Another chance to see… Sunday Night at the London Palladium 

16 September 2021


ATV, 1955-1967, 1973-1974

It looks so tame now, even positively awful in places, but ask anyone over fifty-five about their early TV memories and the chances are that this will get a mention near the top of the list, and that they will also be able to hum the signature tune can be taken as a given.

Sitting just around the corner from Oxford Circus in Argyll Street, the London Palladium had seen some difficult times since it was opened in 1910. It was built on the site of Hengler’s Circus, a music hall theatre and designed by theatrical architect Frank Matcham. Unfortunately the seats were rarely filled, music hall stars were dishing out the same material that Londoners had seen over and over again, audiences couldn’t justify paying higher prices to see standard quality acts just because they were playing in a higher quality theatre.

After a few changes in ownership, the Palladium found itself part of the General Theatre Corporation, which in 1932 merged with Moss Empire with George Black in charge, now managing fifty-three theatres across the UK. Responsible for booking all of the artists playing at the company’s theatres was a young man by the name of Val Parnell, who took over as managing director of the company when George Black died in 1945. Parnell took the brave step of paying attractive sums of money to bring the cream of the world’s talent to appear at the Palladium, being frequently criticised for favouring American performers, his defence being that “If British artists can do it, they will get the chance.”

Thus the Palladium became London’s Premiere Variety Theatre and a major pull for artists and performers from across the globe, especially America. Lew Grade was now on the team of booking agents bringing the likes of Jack Benny, Danny Kaye, Judy Garland and Bob Hope to the London Stage.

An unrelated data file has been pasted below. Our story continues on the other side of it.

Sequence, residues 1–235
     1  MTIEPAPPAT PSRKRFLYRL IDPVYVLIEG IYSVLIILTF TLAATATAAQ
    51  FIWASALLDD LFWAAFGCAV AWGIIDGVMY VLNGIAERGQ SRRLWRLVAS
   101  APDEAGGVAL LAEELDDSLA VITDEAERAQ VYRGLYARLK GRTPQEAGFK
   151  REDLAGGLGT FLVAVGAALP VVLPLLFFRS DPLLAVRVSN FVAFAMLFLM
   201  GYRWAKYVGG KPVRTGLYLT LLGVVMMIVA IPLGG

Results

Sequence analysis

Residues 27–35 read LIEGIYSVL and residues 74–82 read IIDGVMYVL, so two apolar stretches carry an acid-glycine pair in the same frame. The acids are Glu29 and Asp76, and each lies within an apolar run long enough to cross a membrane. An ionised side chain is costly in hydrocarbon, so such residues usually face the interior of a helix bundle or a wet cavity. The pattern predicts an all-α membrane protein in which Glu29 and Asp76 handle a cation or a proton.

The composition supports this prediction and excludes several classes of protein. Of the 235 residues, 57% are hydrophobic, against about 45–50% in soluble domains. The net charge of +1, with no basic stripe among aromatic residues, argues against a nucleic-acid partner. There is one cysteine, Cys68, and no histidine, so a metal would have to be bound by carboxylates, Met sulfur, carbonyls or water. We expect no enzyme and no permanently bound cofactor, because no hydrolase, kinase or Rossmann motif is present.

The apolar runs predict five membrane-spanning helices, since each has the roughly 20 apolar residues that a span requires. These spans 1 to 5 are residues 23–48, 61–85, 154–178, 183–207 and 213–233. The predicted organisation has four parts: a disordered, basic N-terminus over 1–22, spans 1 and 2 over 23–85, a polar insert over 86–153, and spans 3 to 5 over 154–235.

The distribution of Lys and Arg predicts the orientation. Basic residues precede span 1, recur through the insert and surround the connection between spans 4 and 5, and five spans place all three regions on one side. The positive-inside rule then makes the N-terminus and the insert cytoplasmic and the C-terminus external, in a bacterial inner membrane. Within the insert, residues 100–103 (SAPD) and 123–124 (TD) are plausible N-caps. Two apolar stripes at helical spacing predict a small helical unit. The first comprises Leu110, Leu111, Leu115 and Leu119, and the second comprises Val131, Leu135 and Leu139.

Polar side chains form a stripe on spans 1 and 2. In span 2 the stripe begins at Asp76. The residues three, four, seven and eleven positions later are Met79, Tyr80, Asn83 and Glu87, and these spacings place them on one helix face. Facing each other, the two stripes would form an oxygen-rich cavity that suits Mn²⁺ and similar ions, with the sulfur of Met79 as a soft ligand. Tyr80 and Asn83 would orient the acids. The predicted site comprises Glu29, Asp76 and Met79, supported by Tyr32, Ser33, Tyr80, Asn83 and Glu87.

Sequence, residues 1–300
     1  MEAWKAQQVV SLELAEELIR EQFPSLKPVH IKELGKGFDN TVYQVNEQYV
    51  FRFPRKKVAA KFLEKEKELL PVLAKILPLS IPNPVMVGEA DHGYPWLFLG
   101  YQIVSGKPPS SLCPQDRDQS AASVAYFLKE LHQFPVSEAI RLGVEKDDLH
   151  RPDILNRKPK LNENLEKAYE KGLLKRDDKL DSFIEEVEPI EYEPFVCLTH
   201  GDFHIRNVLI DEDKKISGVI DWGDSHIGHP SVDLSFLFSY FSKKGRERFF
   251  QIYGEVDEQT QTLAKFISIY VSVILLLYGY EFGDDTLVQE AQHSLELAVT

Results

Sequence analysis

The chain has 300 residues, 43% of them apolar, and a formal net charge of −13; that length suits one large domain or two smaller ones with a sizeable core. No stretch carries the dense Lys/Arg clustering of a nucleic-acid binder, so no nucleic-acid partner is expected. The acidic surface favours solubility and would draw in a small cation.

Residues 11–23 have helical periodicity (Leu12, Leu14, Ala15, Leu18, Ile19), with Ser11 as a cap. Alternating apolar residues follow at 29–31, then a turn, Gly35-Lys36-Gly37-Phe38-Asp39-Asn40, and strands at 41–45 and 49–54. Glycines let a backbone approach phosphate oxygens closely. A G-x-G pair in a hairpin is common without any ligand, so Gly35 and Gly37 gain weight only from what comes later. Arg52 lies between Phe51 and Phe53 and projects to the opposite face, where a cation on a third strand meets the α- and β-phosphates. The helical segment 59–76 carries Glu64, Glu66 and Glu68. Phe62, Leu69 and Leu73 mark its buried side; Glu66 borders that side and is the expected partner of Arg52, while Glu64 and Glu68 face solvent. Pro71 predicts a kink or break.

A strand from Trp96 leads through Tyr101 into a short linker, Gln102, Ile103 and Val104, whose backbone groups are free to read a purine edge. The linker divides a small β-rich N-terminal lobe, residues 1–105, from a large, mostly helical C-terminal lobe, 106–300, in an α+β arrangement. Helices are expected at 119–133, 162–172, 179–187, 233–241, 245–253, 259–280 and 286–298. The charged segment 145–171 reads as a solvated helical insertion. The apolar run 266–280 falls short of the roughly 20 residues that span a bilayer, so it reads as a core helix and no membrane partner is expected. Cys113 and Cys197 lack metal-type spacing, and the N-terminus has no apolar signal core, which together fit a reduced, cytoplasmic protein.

But in the early 1950s there was a new potential enemy for theatreland lurking on the horizon. Television sets were appearing in homes across the country, the popularity of the new medium having been given a kick-start by the BBC coverage of the Coronation in 1953 and there was now talk of a new independently funded commercial service. In 1954 an advertisement was placed in the national press by the Independent Television Authority, inviting applications from parties interested in running regional television stations in London, Birmingham and Manchester. Legend has it that Lew Grade saw the advert, immediately got on the phone to Val Parnell and said “Val, we’re going into television!” Their company became part of Associated Television (ATV) and was awarded the franchise for broadcasting in London at weekends. Grade and Parnell had the theatres and a string of ‘A’ list performers only too willing to play in them, and they now also had a plum TV contract. It was inevitable that it would all come together.